MCNEILL OF GIGHA
The Chief's Coat of Arms.
The first and third quarters of this Coat of Arms portrays a silver lion on a blue or azure background, rampant (or reared up), armed with red ("gules") claws. This lion is a reference to the Royal line of Erc, Fergus, etc, who extended Irish Dalriada into Argyll about 500 AD.
In the second quarter there is, on top, a left hand, colored red, on a silver ("argent") background. This RED HAND is today one of the emblems of Ulster (this is, I gather contentious, so check up on this yourself.) As an ancient and powerful Gaelic symbol, it was a device of the ONeill High Kings of Ireland. The story (older than the time of Niall of the Nine Hostages, ie the 400s) is that in the initial Gaelic attack on Ireland, Eremon, son of the Chief, swore that he would be the first ashore and thus claim the land before his brothers had landed. However, when it looked as if he would be beaten, Eremon cut off his hand and threw the bloody item onto the shore, a winner after all.
Also in the second quarter, below a wavy base, is a silver colored salmon, swimming sideways, on a blue background. This is a very important symbol in ancient Gaeldom. Salmon disappear, only to return to their birthplace, where their life cycle is begun again. They therefore symbolize Eternity. They also embody Knowledge: they ate the red hazel nuts of Wisdom as they fell into the waters of sacred wells. The red spots on the salmon's belly derive from this. When a Gaelic king defeated another, a ritual killing of the fish in the vanquished king's fish pond took place.
The fourth quarter comprises a galley on a gold field. The oars form a Scottish "Saltire", memory of the Cross of St Andrew. It is clear that possessing a galley was, in the West Highlands, a sign of wealth, power and prestige. It is likely that the galley indicates Norse marine power. Above this galley are 3 silver stars on red. As to the latter, I have no idea what this may mean.
Clan McNeill of Gigha CrestThis portrays a mailed arm, holding a dagger. The Mottoi is: "Vincere aut more" (Conquer or die)
The Coat of Arms belongs to the Chief of a clan. The Crest, however, can be worn by other members of that clan. In fact, as far as I can tell, the southern McNeills no longer have a chief. The Colonsay McNeills played that role until they disappeared in the late 19th century. Many southern McNeills have therefore looked to McNeill of Barra as their chief. Others, regarding themselves as "broken" (ie, without a chief), look to the Duke of Argyll as their chief.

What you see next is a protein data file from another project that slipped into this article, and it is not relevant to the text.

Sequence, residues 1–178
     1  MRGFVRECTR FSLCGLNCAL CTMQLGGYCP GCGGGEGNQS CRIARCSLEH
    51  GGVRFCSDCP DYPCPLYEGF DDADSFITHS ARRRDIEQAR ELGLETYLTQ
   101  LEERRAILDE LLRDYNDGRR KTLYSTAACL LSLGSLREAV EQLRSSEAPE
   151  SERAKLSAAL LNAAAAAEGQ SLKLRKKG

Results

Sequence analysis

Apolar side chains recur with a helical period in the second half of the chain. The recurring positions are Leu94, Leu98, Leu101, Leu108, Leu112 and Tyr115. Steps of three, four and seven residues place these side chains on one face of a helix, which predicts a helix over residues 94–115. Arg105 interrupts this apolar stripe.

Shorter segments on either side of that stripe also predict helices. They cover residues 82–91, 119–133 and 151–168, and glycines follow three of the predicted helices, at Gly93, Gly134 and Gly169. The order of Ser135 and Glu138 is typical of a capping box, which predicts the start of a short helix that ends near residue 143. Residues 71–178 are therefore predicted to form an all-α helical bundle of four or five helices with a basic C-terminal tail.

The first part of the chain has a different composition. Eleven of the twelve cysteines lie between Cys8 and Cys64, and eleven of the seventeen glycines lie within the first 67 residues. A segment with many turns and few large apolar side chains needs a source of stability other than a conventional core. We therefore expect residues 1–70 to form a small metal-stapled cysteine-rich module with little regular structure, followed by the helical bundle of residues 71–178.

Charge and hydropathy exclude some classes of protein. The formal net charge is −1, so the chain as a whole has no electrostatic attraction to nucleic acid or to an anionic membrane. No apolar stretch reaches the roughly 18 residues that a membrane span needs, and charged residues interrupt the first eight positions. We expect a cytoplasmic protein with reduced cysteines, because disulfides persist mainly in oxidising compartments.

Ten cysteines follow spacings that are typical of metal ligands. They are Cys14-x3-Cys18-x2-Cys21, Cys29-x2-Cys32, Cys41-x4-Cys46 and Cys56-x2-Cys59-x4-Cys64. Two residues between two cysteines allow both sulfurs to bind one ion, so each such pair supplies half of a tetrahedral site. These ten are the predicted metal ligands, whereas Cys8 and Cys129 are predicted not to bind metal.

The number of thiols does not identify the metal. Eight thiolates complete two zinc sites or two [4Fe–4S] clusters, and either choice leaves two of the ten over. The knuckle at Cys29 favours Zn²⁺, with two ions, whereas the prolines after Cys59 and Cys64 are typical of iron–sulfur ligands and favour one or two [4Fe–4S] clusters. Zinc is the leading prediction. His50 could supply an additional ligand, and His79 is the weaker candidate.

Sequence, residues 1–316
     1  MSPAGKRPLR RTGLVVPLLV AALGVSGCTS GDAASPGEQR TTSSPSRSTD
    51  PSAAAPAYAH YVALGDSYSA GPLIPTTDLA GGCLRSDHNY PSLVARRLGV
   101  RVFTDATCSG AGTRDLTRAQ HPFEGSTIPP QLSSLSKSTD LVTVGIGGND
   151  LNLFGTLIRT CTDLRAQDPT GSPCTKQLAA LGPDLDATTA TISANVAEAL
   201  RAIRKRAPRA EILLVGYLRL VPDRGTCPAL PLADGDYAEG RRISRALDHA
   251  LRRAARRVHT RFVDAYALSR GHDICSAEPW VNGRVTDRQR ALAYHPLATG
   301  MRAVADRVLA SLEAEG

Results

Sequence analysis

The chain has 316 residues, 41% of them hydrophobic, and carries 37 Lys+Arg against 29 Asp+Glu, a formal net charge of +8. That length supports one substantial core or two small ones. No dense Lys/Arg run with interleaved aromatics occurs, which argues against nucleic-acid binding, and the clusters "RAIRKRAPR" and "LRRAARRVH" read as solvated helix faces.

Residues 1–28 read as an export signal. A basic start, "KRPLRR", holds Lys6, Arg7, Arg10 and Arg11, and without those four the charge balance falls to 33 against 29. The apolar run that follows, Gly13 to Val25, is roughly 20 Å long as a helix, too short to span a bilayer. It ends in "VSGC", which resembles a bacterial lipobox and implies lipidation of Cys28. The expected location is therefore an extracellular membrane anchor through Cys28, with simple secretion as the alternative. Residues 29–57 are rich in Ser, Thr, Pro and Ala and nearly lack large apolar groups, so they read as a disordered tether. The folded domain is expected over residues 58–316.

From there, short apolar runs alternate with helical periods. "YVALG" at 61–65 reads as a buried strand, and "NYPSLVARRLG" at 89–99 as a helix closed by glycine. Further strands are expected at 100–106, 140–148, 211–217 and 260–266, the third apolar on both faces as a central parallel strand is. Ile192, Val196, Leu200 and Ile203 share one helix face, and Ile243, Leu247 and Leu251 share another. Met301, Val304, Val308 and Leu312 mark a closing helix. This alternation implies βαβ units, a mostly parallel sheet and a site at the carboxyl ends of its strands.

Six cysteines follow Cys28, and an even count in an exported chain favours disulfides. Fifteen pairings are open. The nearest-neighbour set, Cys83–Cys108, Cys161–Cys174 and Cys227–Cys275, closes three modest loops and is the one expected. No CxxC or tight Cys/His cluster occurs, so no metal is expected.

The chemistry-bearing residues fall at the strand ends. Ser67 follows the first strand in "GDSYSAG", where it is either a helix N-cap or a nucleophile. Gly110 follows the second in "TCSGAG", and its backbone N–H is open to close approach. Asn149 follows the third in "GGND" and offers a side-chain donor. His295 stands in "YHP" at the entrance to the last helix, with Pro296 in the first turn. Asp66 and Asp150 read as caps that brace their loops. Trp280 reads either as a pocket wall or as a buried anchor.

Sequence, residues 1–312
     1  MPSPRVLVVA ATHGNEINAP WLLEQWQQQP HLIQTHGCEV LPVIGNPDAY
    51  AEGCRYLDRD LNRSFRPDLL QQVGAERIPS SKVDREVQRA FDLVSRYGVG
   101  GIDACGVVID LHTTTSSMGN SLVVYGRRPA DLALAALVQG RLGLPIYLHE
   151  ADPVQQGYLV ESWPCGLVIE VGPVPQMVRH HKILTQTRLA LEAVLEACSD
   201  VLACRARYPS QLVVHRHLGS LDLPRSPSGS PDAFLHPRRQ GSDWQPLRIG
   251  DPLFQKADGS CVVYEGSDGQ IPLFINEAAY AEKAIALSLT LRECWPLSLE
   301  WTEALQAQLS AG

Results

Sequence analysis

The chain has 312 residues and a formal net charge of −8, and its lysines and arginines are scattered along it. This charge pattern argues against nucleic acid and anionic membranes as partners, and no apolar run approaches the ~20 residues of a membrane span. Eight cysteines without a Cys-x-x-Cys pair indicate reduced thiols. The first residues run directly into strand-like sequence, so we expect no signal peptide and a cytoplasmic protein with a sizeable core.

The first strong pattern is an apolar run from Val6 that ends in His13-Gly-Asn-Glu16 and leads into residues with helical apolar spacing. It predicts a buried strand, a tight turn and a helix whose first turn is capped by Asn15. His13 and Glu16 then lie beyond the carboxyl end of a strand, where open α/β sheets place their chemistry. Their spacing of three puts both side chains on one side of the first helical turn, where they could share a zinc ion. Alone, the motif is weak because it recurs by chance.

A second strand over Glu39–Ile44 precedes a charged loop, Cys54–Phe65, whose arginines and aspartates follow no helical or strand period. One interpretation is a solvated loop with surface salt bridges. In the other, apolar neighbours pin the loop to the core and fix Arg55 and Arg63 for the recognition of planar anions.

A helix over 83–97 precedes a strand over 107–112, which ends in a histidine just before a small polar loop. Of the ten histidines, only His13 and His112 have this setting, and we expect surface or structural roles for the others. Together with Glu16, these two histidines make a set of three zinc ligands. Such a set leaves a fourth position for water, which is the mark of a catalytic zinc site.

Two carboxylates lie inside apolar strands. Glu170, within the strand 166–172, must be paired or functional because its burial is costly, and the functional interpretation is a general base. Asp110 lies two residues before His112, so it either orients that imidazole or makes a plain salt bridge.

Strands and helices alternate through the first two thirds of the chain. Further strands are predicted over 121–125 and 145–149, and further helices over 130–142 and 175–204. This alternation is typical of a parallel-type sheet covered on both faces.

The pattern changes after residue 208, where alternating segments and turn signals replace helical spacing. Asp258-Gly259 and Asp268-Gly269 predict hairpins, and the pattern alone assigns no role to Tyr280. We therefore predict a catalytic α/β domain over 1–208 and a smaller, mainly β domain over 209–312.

The McNeill Clan FlowerThis flower is the "Dryas." It is the plant symbol for both McNeill of Gigha and McNeill of Barra. According to Frank Adams, these plants evidently have some subtle origin, apart from their utility on the battle field. They are to be regarded as the 'race-plant' of the tribe.
This flower is also known as 'the Mountain Avens' It is a small plant, 2 to 3 inches high, distinguished from all other plants of the order Rosaceae by its oblong deeply-cut leaves, which are white with a woolly down beneath, and by its large, handsome, anemone-like, white flowers, which have eight petals. It blooms in the spring. It is not uncommon in the mountainous parts of the British Isles, especially on limestone.
SOURCES USED FOR THIS ARTICLE:
A Closer look at West Highland Heraldry, by Alastair Campbell of Airds, Unicorn Pursuivant of Arms.
A Glossary of Terms Used in Heraldry,by James Parker, first published in 1894.
Fleur de lis Designs: the Meaning behind the Symbols
The Clans, Septs and Regiments of the Scottish Highlands, by Frank Adam. Seventh Edition. Edinburgh, Johnston and Bacon, 1965.